Life Coaching or Personal Coach or Executive Coach

What’s the Difference Between a Life Coach, A Personal Coach and an Executive Coach?

Life Coaching

“I absolutely believe that people, unless coached, never reach their maximum capabilities.”

~Bob Nardelli, former CEO, Home Depot.~

Elizabeth asks: How can I tell if I need a life coach, a personal coach, or an executive coach?  Is there a difference?

Joel answers:   The kind of coach you need depends on the area in your life you want to focus on.  As I explain the differences between life, personal and executive coaches, you’ll see what I mean.

  • Executive coaching focuses on helping the person achieve more at work.  It may deal with peer relationships or communication. It might help the worker advance in his or her career or understand how to add value to the company.

Executive coaching helps turn managers into leaders, increases job satisfaction and reduces job stress.  This coaching focuses on the relationship between the client and his or her work situation.

For example, Nathan felt like he was ready to take on more responsibility at work, but felt “stuck.”  He had always avoided what he called “office politics” and just did his job. He didn’t know how to position himself to get promoted.

When Nathan hired an executive coach, the coach helped Nathan to verbalize his goals. Together they set up a strategy so Nathan could broaden his visibility and increase his influence.

He looked for places he could add value to the company and was soon in line for a promotion.

Executive coaching is about personal discovery, goal setting, planning, and achieving. This benefits both the individual and the organization.

  • Life coaching views the person as a whole.  It includes work and may cover stress and overworking, but it also covers family and personal goals.

The goals set for a person working with a life coach may be internal- feeling better, better relationships or dealing with bad habits.

Karen was shouldering all the responsibility of caring for her elderly parents.  While there were other siblings close by, they chose to let Karen handle it all since she worked from home and could be “flexible.”

Karen chose a life coach to help her balance her work and family responsibilities and also deal with the emotional burden of resentment toward her siblings.

The life coach helped Karen see options and choices. Through her support, Karen was able to call a meeting with the siblings, establish responsibilities, and share her burden.

  • Personal coaching is much the same as life coaching.  While the goals of an executive coach are specific, measurable, and focused on improvement and success in the work environment, personal coaching is based on empathy.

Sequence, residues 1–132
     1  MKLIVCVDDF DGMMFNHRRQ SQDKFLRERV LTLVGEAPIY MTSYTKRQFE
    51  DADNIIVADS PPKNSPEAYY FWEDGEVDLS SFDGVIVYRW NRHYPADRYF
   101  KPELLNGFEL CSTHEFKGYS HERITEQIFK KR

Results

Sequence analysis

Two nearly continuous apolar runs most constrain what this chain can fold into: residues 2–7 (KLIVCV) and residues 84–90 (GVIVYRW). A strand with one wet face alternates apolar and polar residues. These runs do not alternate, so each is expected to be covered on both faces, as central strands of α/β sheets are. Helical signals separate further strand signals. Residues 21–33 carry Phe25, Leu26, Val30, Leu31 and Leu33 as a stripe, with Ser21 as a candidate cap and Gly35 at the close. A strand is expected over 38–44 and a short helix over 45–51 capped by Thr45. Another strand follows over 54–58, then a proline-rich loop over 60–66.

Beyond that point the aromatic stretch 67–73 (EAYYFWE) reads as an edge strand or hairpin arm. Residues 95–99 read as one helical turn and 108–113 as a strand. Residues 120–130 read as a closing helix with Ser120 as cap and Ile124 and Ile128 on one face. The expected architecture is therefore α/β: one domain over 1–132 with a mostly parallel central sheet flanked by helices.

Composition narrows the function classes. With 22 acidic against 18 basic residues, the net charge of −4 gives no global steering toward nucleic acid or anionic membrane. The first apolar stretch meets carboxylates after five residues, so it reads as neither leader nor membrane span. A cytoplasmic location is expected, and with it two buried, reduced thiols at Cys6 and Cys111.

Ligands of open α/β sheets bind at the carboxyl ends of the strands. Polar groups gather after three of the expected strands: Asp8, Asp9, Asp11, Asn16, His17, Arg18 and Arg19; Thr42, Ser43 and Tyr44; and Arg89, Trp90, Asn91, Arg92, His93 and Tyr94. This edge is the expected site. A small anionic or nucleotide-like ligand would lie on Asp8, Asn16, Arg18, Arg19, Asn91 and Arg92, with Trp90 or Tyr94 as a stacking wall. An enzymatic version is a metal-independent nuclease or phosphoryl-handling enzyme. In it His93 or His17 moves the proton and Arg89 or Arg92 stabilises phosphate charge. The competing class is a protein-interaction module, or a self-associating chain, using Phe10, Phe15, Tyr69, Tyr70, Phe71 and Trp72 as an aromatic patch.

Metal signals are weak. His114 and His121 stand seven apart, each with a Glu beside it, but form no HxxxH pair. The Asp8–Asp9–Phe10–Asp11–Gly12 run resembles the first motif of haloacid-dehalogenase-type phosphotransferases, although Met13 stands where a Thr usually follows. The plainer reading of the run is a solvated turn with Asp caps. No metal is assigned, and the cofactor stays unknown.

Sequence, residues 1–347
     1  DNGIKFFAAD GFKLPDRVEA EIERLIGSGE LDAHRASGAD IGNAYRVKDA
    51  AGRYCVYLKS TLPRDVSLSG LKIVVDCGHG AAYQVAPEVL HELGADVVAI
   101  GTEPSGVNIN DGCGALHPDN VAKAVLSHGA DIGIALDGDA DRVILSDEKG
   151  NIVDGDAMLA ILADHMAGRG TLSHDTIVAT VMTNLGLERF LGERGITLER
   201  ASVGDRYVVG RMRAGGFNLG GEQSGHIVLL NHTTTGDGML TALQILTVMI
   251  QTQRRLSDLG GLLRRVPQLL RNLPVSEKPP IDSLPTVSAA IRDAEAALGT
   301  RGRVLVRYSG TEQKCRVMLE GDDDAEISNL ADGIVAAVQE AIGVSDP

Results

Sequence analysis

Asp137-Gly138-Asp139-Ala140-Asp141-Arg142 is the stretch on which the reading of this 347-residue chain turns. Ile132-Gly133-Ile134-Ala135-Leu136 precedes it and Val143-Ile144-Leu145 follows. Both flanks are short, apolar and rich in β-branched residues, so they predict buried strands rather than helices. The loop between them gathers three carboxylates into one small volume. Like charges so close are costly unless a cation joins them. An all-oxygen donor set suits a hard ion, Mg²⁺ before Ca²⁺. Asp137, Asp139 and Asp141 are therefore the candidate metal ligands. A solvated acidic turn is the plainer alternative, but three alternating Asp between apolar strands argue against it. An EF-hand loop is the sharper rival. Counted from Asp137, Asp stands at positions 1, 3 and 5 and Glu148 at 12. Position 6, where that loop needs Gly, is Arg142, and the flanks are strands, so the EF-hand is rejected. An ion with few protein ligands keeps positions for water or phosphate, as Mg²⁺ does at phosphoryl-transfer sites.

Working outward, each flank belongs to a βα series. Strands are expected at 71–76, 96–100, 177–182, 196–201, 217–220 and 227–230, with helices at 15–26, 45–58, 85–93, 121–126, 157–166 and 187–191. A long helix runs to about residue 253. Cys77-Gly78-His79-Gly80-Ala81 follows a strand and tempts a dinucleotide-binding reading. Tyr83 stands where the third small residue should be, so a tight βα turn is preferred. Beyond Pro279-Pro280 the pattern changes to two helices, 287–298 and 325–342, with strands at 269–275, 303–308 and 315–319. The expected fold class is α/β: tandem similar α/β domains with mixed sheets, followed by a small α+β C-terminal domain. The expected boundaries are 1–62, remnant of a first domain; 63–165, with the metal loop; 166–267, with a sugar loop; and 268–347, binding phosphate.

It is more reflective, allowing for introspection and for the person to grow in self-understanding.  Personal coaches can be used as a sounding board and a cheering section.

However, some personal coaches also work with clients on their business, financial, or spiritual concerns.

As you examine your primary goal you’ll be able to determine the kind of coach you need.  If you are looking for measurable action to conquer work challenges, choose an executive coach.  If you have personal, family, or life concerns with internal or less measurable goals, you may find a personal or life coach will support your needs better.

To learn more about executive coaching and see if this is a good fit for your concern, contact Joel and he’ll be happy to talk to you about it.

Talkback: How have different coaches helped you resolve your concerns?  Which kind of coaching has been most effective for you?

Image courtesy of kbuntu / Fotolia.com

Don't miss a post - Subscribe to Career Advancement Blog now!
 

2 Responses to What’s the Difference Between a Life Coach, A Personal Coach and an Executive Coach?

  1. Joel, I’d like to add a nuance to the distinction you’ve given for executive coach. The presenting goal may be better leadership (for example), but we often find that we need to delve into areas of the life of the executive besides work to get there. I believe that looking at the hole person and setting goals based on that (which sometimes include the person’s spiritual, physical, or emotional life outside of work) are often necessary to achieve the work goals. There is a blurring of the lines between types of coaches.

  2. Hi Mary Jo,

    I always appreciate your comments. I agree. The whole person does need to be looked at. However, I find that in the beginning it’s important to establish a result-oriented relationship with the executive because they desire results and value from the coaching. Once trust is established, I begin to bring the whole person into the coaching.

Leave a Reply

Your email address will not be published. Required fields are marked *